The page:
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The surety bond is a bond given to protect the recipient against loss in case the terms of a contract are not filled; a surety company assumes liability for nonperformance
Synonyms: performance bond
A surety bond is essentially as a contract among at least three parties: the obligee – The party who is the recipient of an obligation. the principal – The primary party who will perform the contractual obligation. the surety – Who assures the obligee that the principal can perform the task
The surety company is a person who takes responsibility for another’s performance of an undertaking, for example their appearing in court or the payment of a debt.
In finance, a surety, surety bond or guaranty involves a promise by one party to assume responsibility for the debt obligation of a borrower if that borrower defaults. The person or company providing this promise is also known as a “surety” or as a “guarantor”.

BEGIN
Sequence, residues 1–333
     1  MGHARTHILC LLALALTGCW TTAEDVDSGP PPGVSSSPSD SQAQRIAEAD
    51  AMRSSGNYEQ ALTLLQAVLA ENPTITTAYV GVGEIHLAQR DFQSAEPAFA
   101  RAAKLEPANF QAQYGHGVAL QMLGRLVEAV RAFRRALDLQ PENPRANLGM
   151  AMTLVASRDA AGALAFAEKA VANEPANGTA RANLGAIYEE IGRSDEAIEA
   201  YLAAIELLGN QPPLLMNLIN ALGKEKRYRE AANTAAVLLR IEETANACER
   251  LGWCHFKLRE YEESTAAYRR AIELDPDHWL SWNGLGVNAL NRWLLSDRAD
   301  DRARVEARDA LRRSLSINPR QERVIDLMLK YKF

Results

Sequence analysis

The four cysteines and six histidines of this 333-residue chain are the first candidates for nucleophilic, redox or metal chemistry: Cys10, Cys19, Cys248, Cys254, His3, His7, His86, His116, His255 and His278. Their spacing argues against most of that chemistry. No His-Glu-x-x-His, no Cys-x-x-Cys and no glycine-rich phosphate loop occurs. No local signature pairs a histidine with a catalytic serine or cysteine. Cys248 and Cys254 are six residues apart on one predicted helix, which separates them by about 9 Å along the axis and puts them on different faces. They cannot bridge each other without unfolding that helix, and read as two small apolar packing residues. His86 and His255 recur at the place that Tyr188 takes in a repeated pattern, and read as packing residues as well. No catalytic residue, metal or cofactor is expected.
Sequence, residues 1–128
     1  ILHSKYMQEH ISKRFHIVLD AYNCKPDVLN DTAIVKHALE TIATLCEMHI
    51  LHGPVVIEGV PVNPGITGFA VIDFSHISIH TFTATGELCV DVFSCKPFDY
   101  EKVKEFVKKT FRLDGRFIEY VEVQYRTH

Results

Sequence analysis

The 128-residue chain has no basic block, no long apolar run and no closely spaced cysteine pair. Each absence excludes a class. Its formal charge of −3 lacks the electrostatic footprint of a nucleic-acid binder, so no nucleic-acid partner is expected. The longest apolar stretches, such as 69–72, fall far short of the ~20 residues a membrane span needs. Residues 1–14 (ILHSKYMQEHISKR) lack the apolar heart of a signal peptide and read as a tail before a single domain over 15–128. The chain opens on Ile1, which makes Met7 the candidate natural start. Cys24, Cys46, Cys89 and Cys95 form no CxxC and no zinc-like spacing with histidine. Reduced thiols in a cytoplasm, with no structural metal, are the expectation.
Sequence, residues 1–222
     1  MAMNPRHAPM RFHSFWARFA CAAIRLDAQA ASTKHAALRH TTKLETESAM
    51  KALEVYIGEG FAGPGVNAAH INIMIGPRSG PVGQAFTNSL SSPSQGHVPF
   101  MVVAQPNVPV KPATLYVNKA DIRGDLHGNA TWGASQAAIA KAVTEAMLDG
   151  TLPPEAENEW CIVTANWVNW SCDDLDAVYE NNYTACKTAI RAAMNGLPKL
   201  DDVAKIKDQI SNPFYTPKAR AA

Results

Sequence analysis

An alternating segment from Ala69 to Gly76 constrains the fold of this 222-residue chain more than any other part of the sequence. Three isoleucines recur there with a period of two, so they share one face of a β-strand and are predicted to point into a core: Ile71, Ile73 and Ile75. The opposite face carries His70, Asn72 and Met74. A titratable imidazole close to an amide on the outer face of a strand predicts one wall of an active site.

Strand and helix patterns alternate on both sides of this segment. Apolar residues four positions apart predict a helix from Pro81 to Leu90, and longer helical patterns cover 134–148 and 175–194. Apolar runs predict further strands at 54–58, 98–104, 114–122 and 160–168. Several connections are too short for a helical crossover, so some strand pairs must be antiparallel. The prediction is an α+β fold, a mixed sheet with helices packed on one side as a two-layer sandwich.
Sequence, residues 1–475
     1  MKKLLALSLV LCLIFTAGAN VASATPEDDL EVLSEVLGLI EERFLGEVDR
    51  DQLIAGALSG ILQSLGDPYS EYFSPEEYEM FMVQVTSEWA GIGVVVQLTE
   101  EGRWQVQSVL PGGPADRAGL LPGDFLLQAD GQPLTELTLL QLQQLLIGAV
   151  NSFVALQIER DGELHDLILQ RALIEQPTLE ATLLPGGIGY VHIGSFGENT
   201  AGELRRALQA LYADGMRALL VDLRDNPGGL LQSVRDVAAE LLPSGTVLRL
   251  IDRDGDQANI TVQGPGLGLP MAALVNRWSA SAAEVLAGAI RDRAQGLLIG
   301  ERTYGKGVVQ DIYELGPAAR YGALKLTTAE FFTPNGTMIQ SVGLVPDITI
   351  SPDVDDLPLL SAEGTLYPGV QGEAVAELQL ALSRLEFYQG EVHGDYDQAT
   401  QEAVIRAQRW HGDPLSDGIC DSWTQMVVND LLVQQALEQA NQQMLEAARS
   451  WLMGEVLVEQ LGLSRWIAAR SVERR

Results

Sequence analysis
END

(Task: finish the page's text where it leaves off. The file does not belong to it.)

A surety most typically requires a guarantor when the ability of the primary obligor or principal to perform its obligations to the obligee (counterparty) under a contract is in question, or when there is some public or private interest which requires protection from the consequences of the principal’s default or delinquency. In most common-law jurisdictions, a contract of suretyship is subject to the Statute of Frauds (or its equivalent local laws) and is only enforceable if recorded in writing and signed by the surety and by the principal.
The obligee is a person to whom another is bound by contract or other legal procedure.
In other words, the party a bond protects from loss; the beneficiary of the bond. For example the project owner on a construction site that is requiring the principle to acquire a bond.
The principal is the person who is purchasing the bond at the request of the Obligee to guarantee the quality their work to be done in the future. This is usually a business owner or other professional.